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[ Alumni - Management - Feedback - With Frills - Frames ]
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To the notes by the moderator below, I would like to respond that many
of us receive packets from relatives, who don't necessarily have
internet access or, if they do, the understanding of English legalese
required to file a notice on the FDA website.
Also, it's true that for private packages less information is required,
but to register the names and addresses of manufacturers for a typical
situation, i.e. several small items sent in the same package, is still a
lot of paperwork and hassle.
My feeling is that a lot of people will simply not declare the shipments
as food and take their chances. But it will be interesting to see how
this develops. So far, the ruling has received little media coverage,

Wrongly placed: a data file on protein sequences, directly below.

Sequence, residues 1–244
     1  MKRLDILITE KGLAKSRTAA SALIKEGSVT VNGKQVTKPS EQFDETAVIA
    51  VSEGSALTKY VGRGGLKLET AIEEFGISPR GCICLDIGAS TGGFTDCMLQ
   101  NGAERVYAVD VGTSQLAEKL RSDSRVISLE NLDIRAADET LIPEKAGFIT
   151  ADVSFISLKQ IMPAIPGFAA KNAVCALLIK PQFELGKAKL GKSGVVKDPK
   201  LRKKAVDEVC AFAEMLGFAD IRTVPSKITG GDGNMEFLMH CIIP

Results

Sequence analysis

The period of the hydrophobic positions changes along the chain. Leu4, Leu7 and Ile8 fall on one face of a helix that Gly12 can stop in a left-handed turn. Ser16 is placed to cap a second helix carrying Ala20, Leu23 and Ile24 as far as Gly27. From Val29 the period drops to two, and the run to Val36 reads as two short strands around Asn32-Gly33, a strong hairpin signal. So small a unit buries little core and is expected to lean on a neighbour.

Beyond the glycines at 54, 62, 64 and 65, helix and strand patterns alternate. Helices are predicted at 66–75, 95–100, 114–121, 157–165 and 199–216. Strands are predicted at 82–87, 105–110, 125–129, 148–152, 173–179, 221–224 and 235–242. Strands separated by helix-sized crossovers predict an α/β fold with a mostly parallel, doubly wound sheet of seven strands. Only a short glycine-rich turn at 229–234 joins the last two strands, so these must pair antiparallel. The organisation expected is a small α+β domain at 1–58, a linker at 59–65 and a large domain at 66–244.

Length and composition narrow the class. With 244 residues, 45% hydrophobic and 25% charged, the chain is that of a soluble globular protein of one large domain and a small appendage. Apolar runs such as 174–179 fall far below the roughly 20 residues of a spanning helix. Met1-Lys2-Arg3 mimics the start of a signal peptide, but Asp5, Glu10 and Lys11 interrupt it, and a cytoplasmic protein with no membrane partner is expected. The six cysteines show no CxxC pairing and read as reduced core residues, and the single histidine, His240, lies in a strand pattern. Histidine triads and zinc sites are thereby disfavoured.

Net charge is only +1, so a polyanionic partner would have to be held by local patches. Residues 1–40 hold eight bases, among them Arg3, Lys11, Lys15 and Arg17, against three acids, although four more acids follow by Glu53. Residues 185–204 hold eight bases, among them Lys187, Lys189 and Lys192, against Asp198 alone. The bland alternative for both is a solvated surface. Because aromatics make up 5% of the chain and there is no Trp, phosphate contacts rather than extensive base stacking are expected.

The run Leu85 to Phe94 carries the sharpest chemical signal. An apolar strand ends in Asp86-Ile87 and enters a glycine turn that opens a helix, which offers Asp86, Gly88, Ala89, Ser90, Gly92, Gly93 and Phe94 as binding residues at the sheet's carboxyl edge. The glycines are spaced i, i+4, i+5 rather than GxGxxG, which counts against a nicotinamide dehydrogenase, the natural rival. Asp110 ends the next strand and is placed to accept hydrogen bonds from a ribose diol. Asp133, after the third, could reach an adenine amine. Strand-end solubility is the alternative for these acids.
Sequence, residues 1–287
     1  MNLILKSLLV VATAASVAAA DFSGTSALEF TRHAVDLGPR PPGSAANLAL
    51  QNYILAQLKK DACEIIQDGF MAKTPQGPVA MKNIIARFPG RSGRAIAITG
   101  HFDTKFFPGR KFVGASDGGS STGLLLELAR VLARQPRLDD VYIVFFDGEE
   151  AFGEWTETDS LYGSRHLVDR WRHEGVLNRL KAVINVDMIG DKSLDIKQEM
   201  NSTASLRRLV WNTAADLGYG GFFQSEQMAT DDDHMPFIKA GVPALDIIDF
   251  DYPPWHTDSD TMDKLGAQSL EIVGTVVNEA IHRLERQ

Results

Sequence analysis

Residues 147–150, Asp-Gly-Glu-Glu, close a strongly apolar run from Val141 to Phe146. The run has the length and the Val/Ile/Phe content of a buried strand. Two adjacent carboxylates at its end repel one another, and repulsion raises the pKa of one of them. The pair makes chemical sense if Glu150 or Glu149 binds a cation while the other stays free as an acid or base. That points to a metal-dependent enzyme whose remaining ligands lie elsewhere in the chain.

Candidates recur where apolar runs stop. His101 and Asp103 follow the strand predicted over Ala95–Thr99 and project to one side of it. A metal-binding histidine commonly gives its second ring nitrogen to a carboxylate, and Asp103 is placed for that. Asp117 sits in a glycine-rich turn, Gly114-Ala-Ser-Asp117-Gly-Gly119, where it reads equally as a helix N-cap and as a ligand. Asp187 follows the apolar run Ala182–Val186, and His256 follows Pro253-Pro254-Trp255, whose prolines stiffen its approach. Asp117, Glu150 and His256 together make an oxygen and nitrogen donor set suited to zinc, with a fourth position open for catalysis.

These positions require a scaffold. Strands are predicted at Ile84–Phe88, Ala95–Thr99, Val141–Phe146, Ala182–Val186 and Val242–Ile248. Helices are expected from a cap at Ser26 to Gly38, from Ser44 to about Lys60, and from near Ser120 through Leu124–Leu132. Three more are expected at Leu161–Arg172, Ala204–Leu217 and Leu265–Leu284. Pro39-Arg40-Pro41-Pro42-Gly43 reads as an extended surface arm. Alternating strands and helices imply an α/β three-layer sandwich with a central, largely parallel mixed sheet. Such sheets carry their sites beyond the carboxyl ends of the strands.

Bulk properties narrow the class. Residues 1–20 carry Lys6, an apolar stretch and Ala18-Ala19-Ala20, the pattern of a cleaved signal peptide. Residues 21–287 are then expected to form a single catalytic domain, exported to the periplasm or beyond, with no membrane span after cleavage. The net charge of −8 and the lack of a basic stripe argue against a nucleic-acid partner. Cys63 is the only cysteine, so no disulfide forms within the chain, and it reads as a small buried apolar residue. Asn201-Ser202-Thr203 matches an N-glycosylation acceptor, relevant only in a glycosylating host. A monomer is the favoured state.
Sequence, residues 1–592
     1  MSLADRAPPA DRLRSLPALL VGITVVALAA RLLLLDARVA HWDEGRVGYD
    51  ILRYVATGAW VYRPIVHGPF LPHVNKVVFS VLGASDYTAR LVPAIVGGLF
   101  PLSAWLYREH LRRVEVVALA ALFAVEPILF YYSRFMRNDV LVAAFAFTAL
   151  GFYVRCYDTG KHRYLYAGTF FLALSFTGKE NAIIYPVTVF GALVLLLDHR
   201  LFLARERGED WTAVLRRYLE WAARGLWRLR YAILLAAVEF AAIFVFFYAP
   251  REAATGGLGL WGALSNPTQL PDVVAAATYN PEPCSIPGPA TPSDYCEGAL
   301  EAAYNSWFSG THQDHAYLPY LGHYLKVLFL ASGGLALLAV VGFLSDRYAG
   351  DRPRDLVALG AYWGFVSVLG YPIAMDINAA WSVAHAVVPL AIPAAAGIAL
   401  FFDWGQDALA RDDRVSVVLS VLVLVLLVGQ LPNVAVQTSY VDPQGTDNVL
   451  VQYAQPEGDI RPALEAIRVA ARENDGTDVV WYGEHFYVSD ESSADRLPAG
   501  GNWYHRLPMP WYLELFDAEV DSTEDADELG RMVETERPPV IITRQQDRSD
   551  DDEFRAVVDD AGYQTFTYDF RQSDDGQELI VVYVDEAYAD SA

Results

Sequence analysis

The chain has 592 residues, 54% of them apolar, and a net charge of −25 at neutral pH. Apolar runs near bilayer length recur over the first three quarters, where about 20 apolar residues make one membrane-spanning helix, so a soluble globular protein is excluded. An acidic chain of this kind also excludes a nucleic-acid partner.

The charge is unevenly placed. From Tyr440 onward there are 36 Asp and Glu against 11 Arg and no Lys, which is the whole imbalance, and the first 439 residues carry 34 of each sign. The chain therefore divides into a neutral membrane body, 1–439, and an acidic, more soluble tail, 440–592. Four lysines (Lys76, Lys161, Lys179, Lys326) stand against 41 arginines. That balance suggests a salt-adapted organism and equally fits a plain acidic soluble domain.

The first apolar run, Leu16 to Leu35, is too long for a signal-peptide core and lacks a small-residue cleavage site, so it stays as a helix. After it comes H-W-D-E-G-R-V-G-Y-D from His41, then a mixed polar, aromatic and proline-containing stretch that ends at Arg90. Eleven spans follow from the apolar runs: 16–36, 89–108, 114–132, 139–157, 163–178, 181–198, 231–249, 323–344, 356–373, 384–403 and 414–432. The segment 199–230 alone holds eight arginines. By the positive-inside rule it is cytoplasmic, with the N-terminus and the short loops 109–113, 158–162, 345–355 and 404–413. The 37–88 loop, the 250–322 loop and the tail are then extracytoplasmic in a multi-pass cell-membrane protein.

probably because it hasn't been strictly enforced yet. I like the
comment by the Washington Post, though. "There are 25 pages of details
at the FDA's Web site. But no one at the agency could answer these
questions: a) Can you trust a terrorist sending bioterrorist agents in
food to honestly self-report? b) If a terrorist were refused permission
to mail, say, anthrax in powdered sugar, couldn't he just mail anthrax
in baby powder?
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Received on Wed Feb 04 2004 - 13:26:08 PST